Acer Ferrari 3200 Athlon 64 notebook
Vroom, vroom, vroom...
Review Though it's a familiar sight for PC and notebooks to be adorned with logos it's a fair bet that a yellow one featuring a prancing pony and the initials 'SF' are not usually among them. 'SF' stand for Scuderia Ferrari, one of the most famous marques in automotive history and it's here because Acer is the official equipment supplier to the Ferrari Formula One team. Ferrari is on top of things in the motorsport world, and Acer hopes some of that success will rub off on its machines, writes Benny Har-Even.
So has Acer produced a machine that's good enough to take pole position in your shopping list? Well let's start with the most obvious feature: the paint job. The whole of the lid is decked out in the trademark Ferrari red, with the colour scheme extending to the side as well. Buy this and you're likely to want to hand-wax your notebook to keep it nice and shiny. It's undoubtedly striking, but it won't be to everyone's taste. Acer has even gone as far as to supply a matching red mouse. This looks neat, and is comfortable to hold and use. If you want your notebook to be noticed, whether it's in the airport lobby or at your desk in the office, the Acer makes for a decent alternative to an IBM or Sony. Along with the red Ferrari livery, you'll be treated to such luxuries as a Ferrari wallpaper and Ferrari themed screensaver. In a crowning touch, the Windows startup melody has even been replaced with the sound of Formula One car speeding past. Yes, it's that classy.
Another Ferrari sponsor is AMD, so it's no surprise that the machine is powered one of its CPUs. With a name like Ferrari, nothing less than a top-of-the-line Mobile Athlon 64 CPU will do. However, despite the machine being numbered a 3200, the CPU model is actually a 2800+. And though it's only running at 1.8GHz it's certainly more than a match for the Pentiums of this world. The processor is a Low-Power Mobile Athlon 64 featuring 512KB of Level 2 cache. It's also easy to forget that the Athlon 64 is a next generation CPU, just waiting for Windows and applications to become 64-bit compliant. This ensures that the notebook has a degree of future proofing built-in.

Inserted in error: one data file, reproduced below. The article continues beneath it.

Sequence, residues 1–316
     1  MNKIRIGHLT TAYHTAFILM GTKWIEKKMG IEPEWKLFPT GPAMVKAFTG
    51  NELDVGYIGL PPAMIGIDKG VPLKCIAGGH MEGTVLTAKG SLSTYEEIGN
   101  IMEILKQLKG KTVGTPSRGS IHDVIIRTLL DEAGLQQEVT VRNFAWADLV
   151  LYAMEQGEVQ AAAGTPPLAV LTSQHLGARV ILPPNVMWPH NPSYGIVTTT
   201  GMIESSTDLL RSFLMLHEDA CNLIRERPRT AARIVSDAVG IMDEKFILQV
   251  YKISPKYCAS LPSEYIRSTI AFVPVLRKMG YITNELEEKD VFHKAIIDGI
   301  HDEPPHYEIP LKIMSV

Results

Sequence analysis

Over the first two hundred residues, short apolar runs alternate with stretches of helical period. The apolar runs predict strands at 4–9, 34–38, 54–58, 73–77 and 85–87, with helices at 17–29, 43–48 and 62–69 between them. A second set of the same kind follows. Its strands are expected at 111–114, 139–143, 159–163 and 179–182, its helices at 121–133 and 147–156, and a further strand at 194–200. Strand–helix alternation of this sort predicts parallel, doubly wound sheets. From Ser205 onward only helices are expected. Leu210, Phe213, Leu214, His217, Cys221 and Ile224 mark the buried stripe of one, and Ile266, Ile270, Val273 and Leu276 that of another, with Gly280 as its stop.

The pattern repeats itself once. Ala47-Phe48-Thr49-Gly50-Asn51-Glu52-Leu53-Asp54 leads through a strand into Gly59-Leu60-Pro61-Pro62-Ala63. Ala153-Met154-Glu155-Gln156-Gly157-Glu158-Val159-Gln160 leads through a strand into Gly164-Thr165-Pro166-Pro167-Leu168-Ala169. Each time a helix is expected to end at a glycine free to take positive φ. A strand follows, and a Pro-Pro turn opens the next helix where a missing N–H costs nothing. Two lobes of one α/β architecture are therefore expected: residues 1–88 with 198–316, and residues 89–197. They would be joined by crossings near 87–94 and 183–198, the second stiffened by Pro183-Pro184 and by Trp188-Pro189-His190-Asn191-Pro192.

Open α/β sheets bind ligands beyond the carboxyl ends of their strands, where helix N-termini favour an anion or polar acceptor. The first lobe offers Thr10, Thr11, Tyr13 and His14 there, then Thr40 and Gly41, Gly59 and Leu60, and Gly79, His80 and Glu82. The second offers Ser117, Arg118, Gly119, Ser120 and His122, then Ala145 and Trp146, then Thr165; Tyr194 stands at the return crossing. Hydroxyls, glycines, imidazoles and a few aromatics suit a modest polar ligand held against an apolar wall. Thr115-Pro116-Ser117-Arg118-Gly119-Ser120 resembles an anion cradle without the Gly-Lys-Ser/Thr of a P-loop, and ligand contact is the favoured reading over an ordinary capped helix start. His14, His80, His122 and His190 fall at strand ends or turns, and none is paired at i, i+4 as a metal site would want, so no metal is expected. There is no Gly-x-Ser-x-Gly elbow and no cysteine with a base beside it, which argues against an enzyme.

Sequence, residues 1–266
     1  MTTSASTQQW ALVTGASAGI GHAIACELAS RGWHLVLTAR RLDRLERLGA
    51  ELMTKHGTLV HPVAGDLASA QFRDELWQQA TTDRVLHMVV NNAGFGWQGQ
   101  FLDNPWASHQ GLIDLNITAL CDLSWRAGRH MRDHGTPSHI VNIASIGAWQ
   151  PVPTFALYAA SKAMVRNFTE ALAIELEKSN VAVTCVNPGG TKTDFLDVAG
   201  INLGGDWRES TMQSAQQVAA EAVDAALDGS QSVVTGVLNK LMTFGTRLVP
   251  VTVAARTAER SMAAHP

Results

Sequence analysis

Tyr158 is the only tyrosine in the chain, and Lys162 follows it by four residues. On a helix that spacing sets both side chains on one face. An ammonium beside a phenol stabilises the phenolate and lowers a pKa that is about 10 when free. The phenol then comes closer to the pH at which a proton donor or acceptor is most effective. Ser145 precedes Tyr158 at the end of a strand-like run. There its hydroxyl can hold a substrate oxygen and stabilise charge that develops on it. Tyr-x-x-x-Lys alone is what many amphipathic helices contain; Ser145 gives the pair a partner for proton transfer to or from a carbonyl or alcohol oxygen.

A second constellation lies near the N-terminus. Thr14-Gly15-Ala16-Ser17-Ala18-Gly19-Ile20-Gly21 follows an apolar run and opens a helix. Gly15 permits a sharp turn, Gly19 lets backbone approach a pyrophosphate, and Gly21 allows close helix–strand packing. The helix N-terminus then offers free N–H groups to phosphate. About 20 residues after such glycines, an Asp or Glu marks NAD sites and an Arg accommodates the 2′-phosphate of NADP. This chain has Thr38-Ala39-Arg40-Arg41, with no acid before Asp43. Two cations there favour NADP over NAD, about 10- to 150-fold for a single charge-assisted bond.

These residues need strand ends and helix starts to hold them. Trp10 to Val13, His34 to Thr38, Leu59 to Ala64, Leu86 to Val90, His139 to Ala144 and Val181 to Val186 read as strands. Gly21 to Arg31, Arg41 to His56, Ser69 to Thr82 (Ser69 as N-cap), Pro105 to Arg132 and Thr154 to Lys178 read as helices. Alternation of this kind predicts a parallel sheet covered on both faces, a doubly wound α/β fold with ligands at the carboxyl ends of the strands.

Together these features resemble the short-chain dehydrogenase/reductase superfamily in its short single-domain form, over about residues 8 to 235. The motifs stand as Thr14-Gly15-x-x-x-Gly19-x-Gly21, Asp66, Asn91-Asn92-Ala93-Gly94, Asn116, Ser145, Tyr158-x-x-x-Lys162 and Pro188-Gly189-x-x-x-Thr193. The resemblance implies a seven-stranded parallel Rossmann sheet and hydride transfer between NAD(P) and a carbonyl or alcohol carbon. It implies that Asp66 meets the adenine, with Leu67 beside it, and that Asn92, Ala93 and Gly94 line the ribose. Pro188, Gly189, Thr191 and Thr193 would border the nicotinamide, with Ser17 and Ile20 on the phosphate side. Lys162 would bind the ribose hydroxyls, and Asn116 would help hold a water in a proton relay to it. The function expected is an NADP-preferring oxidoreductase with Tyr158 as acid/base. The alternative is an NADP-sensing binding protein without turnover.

Acer has backed this with 512MB of RAM, though this is supplied on two sticks so there's no further room for expansion in the current configuration. It's also only DDR 333 which makes it an odd match for the Via K8T800 chipset and CPU, which runs at 400MHz.
In terms of graphics horsepower, the Acer is equipped with Mobility Radeon 9700 GPU with a full 128MB of dedicated memory. This can't quite claim to the be latest thing in mobile graphics since the announcement of the Mobility Radeon 9800, but in terms of what you can buy right now that 9700 is still hot stuff. The 3DMark03 score of 3160 may not seem that high but this is genuinely a machine you can play games on. I installed Unreal Tournament 2004 and was able to set the resolution to 1280 x 1024 and details levels to high and play with a smooth-as-silk framerate.
The 15in the display is generous and the native resolution of 1400 x 1050 fits perfectly on this size. However, the quality of the screen itself is disappointing. Though it's reasonably bright, it's not evenly lit even when looking at it straight on. Horizontal and vertical viewing angles are also fairly poor, with the screen looking washed out at you move up and down and going dark as you move to the side. Sound quality from the speakers located at the front of the chassis however was also poor. Maximum volume wasn't very loud and the sound lacked bass.